Sunday, 28 July 2013

Astonishing X-Men

Long before Joss Whedon gave us the phenomenally successful Avengers movie he wrote for Marvel's other high profile team, the X-Men. It was a risk, for both him and Marvel. Despite the fact that he'd spent much of the previous decade showrunning juggernaut TV hits Buffy and Angel, as well as the decidedly less commercially successful Firefly, Whedon was an unknown quantity in comics.

There was no guarantee that his skills would transfer away from their televisual home. He was also brought in to follow on from Grant Morrison's run as the de facto lead writer of the X-Men, Astonishing replacing Morrison’s popular New X-Men. Whedon was and is a bigger name in the general media than Morrison, but Morrison's name meant more to comic book buyers and there was no guarantee Whedon's fan base would carry over with him.

The decision turned out to be a good one. Whedon’s experience with writing Buffy and Angel, both of which are ensemble pieces despite their misleading titles, meant he knew how to write a team book like X-Men. Under Whedon each character has a distinct voice and understandable motives. Wolverine, for example, is mostly depicted as liking a beer and being very comfortable with his reputation as an intimidating killer. Cyclops, on the other hand, is a boy scout with an inferiority complex. Both could run the risk of being unoriginal but Whedon’s spin ensures that’s not the case thanks to well-timed moments of humour and pathos.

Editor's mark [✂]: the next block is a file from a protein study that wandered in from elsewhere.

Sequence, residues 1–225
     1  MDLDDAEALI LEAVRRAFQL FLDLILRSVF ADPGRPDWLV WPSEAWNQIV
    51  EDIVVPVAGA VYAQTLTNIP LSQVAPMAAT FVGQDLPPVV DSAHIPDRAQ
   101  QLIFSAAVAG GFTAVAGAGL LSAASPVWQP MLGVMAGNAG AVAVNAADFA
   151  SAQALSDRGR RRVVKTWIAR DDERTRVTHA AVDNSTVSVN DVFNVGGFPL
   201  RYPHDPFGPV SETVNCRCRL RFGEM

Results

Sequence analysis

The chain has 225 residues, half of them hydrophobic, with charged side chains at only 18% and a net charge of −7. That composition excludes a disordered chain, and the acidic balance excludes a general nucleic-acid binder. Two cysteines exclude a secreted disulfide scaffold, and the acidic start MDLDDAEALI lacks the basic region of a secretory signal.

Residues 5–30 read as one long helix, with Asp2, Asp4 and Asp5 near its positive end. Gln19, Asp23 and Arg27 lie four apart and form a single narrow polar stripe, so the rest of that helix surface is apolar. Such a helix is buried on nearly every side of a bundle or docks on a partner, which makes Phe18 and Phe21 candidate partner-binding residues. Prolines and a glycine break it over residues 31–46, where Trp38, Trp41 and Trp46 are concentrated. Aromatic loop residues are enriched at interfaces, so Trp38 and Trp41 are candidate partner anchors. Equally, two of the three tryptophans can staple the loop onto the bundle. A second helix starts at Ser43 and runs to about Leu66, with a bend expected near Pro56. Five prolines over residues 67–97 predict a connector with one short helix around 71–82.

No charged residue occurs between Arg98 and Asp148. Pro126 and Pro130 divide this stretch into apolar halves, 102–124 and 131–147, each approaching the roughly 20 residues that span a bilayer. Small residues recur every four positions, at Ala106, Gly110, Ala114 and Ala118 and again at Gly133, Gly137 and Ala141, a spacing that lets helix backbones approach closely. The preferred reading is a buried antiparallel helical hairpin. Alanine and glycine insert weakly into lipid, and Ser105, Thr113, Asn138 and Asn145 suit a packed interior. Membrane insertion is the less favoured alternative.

Despite having big name characters like Wolverine, Cyclops and Emma Frost to play with it’s Kitty Pryde at the centre of much of the story. Whedon displays an almost Warren Ellis-level of obsession with the character (read anything featuring her written by Ellis to see what I mean by this). It’s annoying with Ellis because it comes off as fetishisation whereas Whedon seems more interested in doing something new with an established character and her power of phasing.

Whedon also devotes a lot of time, particularly in early issues, to Ord of the Breakworld. He’s an alien villain introduced as one of the central antagonists of the series. Anyone who’s watched Buffy (yes, another reference to that show, sorry) will recognise Ord as a Whedon villain: a big threatening villain who has an understandable motivation for his beef with the X team, who gets shown to be mildly inept after his impressive initial appearance. Whedon’s never afraid to send up his bad guys but he does so with love: Ord is far from a one note villain or a glorified gag.

All of Whedon’s screen output is known for its snappy dialogue. The knack carries over to comics well. If he found it a struggle to limit the amount of dialogue he could give his characters, because he’s limited by the size of the page, it doesn’t show. Everything flows very naturally and his trademark moments of humour are alive and well. He loves the funnies, does Joss.